Next year will present many interesting electoral races; along with a Presidential race, Arizona will showcase what is likely to be one of the most interesting Senate races in the country, as well as all of the countywide races. But there will also be a host of local races, and for those of us in Scottsdale, the headline municipal race will be the election for mayor.
Most of you (certainly those of you who read us regularly) probably know who the main candidate will be in this race: current Scottsdale Mayor David Ortega is running for re-election. So what are his odds for winning re-election?
First, let’s look at how Ortega has done in his three years in office, and like with nearly every public official, it depends on who you ask. Some would say that his water protectionism as it relates to the Rio Verde Foothills was in the spirit of putting Scottsdale first, but if you were to ask nearly all elected officials away from the city council, they would likely express their displeasure at his approach and temperament. Some would say that the Civic Center upgrade undertaken during his term has ended up really well, some would say that it was behind schedule with a poor roll-out.
In our attempts to be as unbiased as possible, it seems to have been a mixed bag. When it comes to issues such as being extremely selective regarding development, he has lived up to his campaign promises. There have not been any true foul-ups, but not as many unequivocal wins to make re-election a given. But one thing that works to his benefit? Ortega was the only once-Democrat in the mayoral field in 2020, but you wouldn’t know it now. He has avoided pursuing a clear left-of-center agenda, which will make him more slippery and difficult to pin down in a Republican city for his opponents.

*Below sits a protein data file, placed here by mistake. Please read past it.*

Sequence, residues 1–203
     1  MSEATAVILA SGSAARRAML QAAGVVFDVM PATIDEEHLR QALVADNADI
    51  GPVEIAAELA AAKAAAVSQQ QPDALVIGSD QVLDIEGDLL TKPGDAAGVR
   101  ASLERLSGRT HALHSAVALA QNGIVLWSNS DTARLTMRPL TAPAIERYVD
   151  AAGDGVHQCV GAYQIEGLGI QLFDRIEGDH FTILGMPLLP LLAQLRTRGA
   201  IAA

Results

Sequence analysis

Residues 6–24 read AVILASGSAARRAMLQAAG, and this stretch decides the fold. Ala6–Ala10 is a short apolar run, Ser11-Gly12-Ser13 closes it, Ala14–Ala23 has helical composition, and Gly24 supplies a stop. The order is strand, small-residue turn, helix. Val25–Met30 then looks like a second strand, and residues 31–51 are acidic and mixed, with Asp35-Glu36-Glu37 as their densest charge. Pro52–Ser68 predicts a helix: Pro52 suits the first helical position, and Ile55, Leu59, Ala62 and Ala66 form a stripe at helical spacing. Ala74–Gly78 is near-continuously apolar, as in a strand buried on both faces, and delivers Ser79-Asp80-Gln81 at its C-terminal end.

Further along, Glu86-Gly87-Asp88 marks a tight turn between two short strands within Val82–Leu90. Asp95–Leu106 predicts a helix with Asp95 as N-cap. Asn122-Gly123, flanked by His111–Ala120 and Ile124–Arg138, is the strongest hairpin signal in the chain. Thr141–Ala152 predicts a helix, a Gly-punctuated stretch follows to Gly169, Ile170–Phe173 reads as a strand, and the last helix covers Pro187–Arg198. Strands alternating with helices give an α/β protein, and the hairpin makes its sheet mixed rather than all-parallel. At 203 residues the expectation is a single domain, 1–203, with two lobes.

So who will he be running against? While there are no filed candidates yet, there are three names that commonly come up as usurpers: current councilmember Tammy Caputi, former councilmember Linda Milhaven, and Ortega’s former run-off opponent Lisa Borowsky..
All have significant upside and potential knocks against them. Caputi has shown very strong fundraising chops and has not shied away from positioning herself as the primary opponent to Ortega. However, she has gained the ire of many in the activist community for being pro-growth to the extent of being seen as a green light for essentially any development. The same could also be said for Milhaven, who was also firmly in the pro-growth cohort in the dais. And Borowsky, along with having the experience of her last race, may also get the support of the local Republican party.
As it stands, although all may outraise Ortega, the pro-development histories of both Caputi and Milhaven may make their path forward more difficult. It feels as though a rehash of last year’s run-off might be the path of highest likelihood.